We are planning a long trip abroad, passing through many countries (mainly European). What’s the safest way to use Internet banking outside your home? Do we need to take our own laptop? We would be interested and grateful to hear from other travellers.
The rule is to avoid using PCs in internet cafes or hotels, especially those with the Windows operating system. The risk is that they are compromised by spyware, which will record your keystrokes when you log into your bank. This will then allow others to access your account. You can take your own laptop, but there are lighter alternatives. If you have a mobile phone that needs to be upgraded, choose a Wi-Fi enabled smartphone. For a list of these, click here. Free Wi-Fi in cafes and bars is becoming more and more common, even if you are reasonably expected to buy a coffee or a beer. It will cost less than mobile roaming rates and the connection is usually much faster. A phone like the Nokia N95 is a good bet and also comes with decent optics for photos and videos, as well as GPS if you get lost. Another approach is to gift yourself an iPod Touch. It is Wi-Fi enabled as standard and comes with the Safari web browser on the Unix-based Mac OS X platform. The iPod Touch will also allow you to carry your music collection, watch video clips and check your e-mails. Add a wireless transmitter for a ten and you can also listen to your music in any vehicle equipped with an FM radio. Since you mainly travel within the Eurozone, you should consider getting a Caxton FX Euro Card. You can load it through your internet bank, get a better exchange rate and save on most transactions.
Aidan Roe, Manchester, who wins this week’s national £25 pound token
The laptop is a lifesaver
I would definitely take a laptop. It made my life so much easier when I was traveling all over Europe. You’ll be able to upload, organize and edit your photos as you go, and keep notes and records while things are fresh in your mind. You will be able to write emails offline, ready to send when you can connect. You also need to back up all your data in case the laptop is stolen – you can consider one of the online backup services for that. When it comes to the bank, there is a small risk, but you can use your common sense to avoid problems. You can get free wireless at some tourist information centers, which should be safe enough. The safest bet is to use the internet connection of someone you trust. Some people leave their internet connection unprotected for others to use, and there could be a security risk here. Change your password regularly if you are worried.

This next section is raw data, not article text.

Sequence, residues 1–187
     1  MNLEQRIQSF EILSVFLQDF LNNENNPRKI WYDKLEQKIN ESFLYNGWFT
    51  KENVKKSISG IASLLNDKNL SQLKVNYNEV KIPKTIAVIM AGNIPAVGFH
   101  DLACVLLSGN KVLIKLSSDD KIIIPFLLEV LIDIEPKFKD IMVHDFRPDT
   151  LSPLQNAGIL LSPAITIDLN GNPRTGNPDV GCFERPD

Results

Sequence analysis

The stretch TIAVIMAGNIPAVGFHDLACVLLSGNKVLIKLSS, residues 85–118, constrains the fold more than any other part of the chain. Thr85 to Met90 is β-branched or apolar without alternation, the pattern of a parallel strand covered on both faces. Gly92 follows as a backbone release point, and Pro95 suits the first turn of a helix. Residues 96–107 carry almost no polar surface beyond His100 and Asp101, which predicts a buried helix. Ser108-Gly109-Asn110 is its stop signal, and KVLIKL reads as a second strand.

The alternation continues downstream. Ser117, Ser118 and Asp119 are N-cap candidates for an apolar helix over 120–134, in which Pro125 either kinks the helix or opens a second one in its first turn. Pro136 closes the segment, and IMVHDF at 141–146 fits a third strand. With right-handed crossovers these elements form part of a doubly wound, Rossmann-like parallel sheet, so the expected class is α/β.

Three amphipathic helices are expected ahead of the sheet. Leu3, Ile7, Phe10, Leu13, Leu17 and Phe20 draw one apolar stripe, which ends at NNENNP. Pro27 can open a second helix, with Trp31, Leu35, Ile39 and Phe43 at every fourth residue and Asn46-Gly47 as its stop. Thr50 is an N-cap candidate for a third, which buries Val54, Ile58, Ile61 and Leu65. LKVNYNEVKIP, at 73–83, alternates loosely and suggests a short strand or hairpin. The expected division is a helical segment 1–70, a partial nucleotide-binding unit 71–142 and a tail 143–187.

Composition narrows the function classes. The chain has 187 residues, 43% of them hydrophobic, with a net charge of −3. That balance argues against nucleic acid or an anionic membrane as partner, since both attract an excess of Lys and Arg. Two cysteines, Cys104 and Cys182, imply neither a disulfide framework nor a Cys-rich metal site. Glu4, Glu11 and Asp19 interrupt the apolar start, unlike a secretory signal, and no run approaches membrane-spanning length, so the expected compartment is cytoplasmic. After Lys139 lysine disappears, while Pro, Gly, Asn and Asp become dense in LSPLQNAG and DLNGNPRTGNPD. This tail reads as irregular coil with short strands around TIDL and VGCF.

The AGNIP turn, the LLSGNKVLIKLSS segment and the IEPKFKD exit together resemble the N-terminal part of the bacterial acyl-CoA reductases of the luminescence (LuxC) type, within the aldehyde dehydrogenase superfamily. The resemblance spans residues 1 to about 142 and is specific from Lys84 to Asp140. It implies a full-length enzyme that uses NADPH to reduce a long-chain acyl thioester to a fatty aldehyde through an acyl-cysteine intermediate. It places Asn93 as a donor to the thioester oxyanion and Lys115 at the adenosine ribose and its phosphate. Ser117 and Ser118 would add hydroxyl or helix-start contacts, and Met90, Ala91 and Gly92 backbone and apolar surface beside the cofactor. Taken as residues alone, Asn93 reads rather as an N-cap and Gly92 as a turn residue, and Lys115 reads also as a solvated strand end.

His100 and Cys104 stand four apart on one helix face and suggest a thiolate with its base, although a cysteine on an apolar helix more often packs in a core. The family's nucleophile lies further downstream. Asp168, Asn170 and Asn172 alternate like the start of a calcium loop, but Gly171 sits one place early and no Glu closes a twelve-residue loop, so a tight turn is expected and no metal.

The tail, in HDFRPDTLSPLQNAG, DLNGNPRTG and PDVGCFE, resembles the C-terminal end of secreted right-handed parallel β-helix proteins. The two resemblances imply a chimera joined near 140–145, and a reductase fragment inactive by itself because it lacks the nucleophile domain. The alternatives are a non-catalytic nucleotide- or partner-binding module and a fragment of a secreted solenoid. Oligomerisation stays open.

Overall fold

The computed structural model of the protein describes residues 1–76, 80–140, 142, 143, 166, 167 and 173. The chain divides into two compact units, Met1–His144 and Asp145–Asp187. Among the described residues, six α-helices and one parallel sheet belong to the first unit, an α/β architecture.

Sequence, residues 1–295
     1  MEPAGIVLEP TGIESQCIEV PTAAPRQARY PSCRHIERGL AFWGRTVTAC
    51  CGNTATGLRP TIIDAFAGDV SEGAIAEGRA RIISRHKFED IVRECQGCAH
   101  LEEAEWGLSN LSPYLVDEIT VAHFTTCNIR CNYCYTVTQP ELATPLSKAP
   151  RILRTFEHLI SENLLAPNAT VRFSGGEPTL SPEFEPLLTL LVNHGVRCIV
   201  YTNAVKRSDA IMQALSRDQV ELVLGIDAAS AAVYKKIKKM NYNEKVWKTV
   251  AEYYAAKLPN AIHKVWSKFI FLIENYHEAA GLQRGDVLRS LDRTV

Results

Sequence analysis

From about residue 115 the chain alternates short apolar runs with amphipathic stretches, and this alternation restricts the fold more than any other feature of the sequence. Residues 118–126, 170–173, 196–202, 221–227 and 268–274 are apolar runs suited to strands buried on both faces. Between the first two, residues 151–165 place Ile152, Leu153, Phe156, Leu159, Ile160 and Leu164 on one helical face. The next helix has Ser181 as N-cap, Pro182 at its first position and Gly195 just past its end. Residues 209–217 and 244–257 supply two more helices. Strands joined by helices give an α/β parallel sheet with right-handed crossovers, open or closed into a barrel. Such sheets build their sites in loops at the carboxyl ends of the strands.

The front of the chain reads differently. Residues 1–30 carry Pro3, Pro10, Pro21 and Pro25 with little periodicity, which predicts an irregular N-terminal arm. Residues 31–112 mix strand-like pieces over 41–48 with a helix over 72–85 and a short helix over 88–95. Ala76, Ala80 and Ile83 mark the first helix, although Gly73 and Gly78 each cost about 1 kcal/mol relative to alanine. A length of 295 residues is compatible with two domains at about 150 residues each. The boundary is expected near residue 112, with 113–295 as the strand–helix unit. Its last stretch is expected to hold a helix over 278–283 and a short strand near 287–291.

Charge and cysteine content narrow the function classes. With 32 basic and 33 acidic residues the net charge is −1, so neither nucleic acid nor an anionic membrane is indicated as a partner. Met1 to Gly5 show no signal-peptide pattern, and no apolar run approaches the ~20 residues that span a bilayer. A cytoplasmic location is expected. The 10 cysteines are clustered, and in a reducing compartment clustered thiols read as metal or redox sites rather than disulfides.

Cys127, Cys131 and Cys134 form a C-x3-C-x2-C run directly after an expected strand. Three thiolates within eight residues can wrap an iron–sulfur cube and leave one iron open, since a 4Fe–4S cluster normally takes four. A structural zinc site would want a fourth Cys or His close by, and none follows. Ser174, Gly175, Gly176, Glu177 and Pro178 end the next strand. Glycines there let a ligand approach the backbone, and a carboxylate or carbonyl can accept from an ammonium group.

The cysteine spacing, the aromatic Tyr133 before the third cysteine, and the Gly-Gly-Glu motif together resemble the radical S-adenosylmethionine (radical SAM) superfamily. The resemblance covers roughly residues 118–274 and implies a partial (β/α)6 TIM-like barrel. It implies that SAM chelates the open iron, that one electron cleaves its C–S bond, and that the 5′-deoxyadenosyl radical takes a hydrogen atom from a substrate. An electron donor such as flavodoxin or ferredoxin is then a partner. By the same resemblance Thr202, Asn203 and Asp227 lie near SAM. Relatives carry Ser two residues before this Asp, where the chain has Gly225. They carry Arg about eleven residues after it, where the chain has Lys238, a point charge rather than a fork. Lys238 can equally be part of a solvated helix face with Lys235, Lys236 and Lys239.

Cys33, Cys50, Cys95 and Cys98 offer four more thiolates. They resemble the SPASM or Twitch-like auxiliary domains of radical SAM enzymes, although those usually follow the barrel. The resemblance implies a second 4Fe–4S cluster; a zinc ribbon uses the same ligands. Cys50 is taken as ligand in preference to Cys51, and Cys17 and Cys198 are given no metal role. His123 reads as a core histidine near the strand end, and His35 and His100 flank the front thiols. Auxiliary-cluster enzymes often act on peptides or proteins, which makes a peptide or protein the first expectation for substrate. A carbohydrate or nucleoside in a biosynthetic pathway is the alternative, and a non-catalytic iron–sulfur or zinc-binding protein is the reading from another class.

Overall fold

Robin Beadle, Cumbria
My partner and I traveled extensively (25 countries) in a van across Europe in the last year. We decided to take our laptop for a variety of reasons and found that many campgrounds have wireless. failing that, you will find an internet cafe in almost every town. If you are hiking, leave the laptop behind because it will start to annoy you and you will always worry about its safety. Take as many euros and US dollars as you feel safe and leave travelers checks behind – we tried six times to cash euro travelers checks in Barcelona (four banks hadn’t heard of it !) and you lose too much money in fees. Our Abbey online bank was perfectly safe, but beware if you are asked for your PIN code on a computer in an internet café. Never give it away – it will be a scam put on the PC (not necessarily by the owner). We were able to transfer money between accounts quite easily and used one account to withdraw cash from ATMs when we had run out of euros/dollars. Of course, you will be charged a percentage each time, but if you divide this amount by the time away and the amount you save on food and wine, it’s really nothing! Check that the Maestro/Cirrus sign is displayed and always get your maximum amount every time you withdraw money – you are charged the same percentage regardless of the value. Take two cards for one account in case the ATM gets hungry and swallows the card. We also took a long trip around the world and used the exact same method without a hitch – there’s even an internet cafe on Easter Island. Use your credit card for larger purchases, collect points and pay online again in time to avoid interest. Tell your bank that you’ll be using your cards overseas, and if you know the countries you’re traveling to, get a list of ATM fees.
Liz Richards, Sales, Cheshire
Using internet cafes to check your bank details is very risky because anyone could have installed spyware to obtain your personal data. I would suggest getting a contract for an internet-enabled phone such as a Blackberry. It will allow you to keep in touch with your friends by phone and e-mail, and will allow you to do Internet banking from a known and secure terminal. The cost of mobile calls since has also come down recently.
Graham Hunt, Cambridge
This week’s question
My 15 year old son is desperate to earn money and wants to do a paper tour starting at 6am. Although I want him to learn the value of money, I’m afraid his schoolwork will suffer because he’s so tired. Am I worrying needlessly?
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